5 Steps To Train A Dog To Walk On A Loose Leash

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5 Steps To Train A Dog To Walk On A Loose Leash

Walking a dog on a leash is a regular part of your pup’s routine.

Dogs love to go for walks and they need to be restrained in public areas.

Therefore, leashes are one of the most essential dog products.

Yet, dogs aren’t born knowing how to walk on a leash though.

That’s why it’s important for you to learn how to leash train a dog as soon as you bring your furry friend home.

Tips On How To Leash Train A Dog

Similarly to all types of training, leash training should begin with the basics, especially if you are training a puppy.

If you just expect your dog to walk well on their first day home, then you will likely be disappointed.

What Do You Need To Start Leash Training? 

The most important item you should have is a leash.

This leash should not be too long because you don’t want to give your dog too much freedom.

Usually, between 4 and 6 feet is ideal for a training leash.

If possible, you should never use a retractable leash to walk your dog.

It doesn’t provide enough control over your pup and it poses lots of health risks for both dogs and humans.

For example, retractable leashes could leave nasty burns on humans, they could snap easily, or they could even strangle dogs.

Next, you should have a collar or harness on your dog.

If possible, try to use a harness rather than a collar.

Collars attached to leashes can easily choke your dog, especially if your dog loves to pull.

Plus, harnesses provide more support for your pup.

A harness is a safer option for dogs of all ages, sizes, and breeds.

If you have to use a collar though, a martingale collar is usually the safest type.

Finally, you should have some training treats ready.

These treats should be tasty, but still low in calories.

That way, you can reward your dog for good behaviors without them gaining too much weight.

Steps For Leash Training

When you learn how to leash train a dog, you should take it step-by-step.

Here are a few simple steps that you should start off with to help your dog get used to leash walking.

Introduce Your Dog To Their Harness And Leash

Before you start walking your dog on a leash, make sure they get used to the leash first.

Have your dog wear their harness and leash in the house while you play with them and interact with them.

Then, reward them during this time.

This can help your dog associate the harness and leash with positive things.

Teach Your Dog A Cue

If you have not already, teach your dog a cue that gets their attention and lets them know they are doing something right.

Some dog parents use a clicker, some say a word like “yes”, and others even make a clicking sound with their mouth.

As long as the command is consistent, then that’s all that matters.

Start by practice this cue in a quiet environment.

Make the sound, and when your dog reacts to it, reward them with a treat.

This lets them know that this cue means something good.

Get Your Dog To Come To You

Next, you will need to teach your dog to come to you while wearing their harness and leash.

Start by letting your dog come to you on their own, and then reward them with the cue when they reach you.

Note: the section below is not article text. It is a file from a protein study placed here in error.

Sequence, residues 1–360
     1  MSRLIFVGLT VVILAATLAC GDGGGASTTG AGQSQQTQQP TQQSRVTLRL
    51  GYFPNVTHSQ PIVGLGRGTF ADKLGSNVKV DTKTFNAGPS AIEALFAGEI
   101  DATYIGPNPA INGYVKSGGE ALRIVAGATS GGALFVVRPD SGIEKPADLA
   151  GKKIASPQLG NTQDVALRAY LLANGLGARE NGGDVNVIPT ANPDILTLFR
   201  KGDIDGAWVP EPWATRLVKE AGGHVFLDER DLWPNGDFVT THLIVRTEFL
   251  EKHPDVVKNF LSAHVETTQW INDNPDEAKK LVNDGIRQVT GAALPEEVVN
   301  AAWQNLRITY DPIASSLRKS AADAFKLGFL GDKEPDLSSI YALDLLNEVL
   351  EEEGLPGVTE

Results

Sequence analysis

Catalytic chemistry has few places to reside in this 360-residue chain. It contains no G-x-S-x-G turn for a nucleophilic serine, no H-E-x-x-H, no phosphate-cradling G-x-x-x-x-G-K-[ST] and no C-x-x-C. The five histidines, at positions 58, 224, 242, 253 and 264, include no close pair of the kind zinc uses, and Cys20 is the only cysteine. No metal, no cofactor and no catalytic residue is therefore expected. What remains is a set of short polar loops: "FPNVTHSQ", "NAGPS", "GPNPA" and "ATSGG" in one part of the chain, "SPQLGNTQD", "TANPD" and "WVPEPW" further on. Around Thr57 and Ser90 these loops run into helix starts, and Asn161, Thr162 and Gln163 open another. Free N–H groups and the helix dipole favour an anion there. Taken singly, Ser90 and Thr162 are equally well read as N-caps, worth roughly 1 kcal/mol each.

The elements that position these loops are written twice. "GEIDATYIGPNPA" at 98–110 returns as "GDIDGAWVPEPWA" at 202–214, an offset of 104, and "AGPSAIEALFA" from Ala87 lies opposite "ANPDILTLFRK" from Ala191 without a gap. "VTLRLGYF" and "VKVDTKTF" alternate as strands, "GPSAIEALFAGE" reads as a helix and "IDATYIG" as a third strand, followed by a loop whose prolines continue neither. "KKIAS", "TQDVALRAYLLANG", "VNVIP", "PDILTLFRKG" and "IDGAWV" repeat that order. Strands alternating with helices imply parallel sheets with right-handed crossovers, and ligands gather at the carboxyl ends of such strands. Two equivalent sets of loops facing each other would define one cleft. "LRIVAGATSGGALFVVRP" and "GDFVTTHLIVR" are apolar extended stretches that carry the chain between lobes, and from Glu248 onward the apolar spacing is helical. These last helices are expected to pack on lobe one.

Then, repeat this action until your dog starts coming to you whenever they hear the cue.

However, make sure you always keep training sessions short because dogs, and especially young puppies, can have short attention spans.

Practice Walking Inside

Once your dog understands how to come to you while wearing the leash, then it’s time to practice walking.

Start by walking them a little bit inside your home, in an area that’s free of distractions.

This can help your dog get used to walking around with a harness and leash.

If your dog starts to wander away from you, use the cue to get them to come back.

If they come on cue, then make sure you reward them.

Practice Walking Outside

After plenty of indoor practice, it’s time to finally walk your dog outside.

Walking outside can be tricky at first because there are a lot of new sounds and smells for your dog to take in.

It’s likely that they won’t walk well at first.

Be patient with them as you get started.

Only taking shorter walks at first can be a great way to start.

When walking your dog, you should keep your eyes on them at all times.

If you notice them starting to wander away from you, use your cue to get them to come back to your side.

If they listen, then you should praise them as usual.

This can help your dog learn to walk nicely outside without getting distracted by their surroundings.

Keep an eye on how long you walk your dog for too!

Some dogs have a lot more stamina than others and you do not want to make the walk so long that a less active dog winds up hating them.

Check for signs of tiredness or lack of interest on the walk to determine if you should head home.

How Long Does It Take To Leash Train A Dog?

All training methods are different for every dog.

Some dogs could learn to walk on a leash in only a few days while others could take weeks or even months to catch on.

Most dogs seem to take between 1 and 8 weeks to fully understand the concept.

Like humans, all dogs learn at different paces, so don’t rush your dog.

Instead, keep practicing the same methods over and over again. 

Be consistent with cues and expectations.

Some dogs will definitely be frustrating if they don’t listen, but training your dog is such an important part of their care.

If you give up on leash training, then your dog might think they can get away with other things too.

leash training a dog

How Do I Get My Dog To Stop Pulling On The Leash?

It can be annoying when dogs pull on their leash.

Some dogs might pull forward to chase something while others might pull backwards to go home.

It might seem like a good idea to pull your dog back to you, but in many cases, this could actually make things worse.

Some dogs think pulling on the leash is a game, so if you pull back, they might only pull more.

Instead, you should freeze if your dog starts to pull.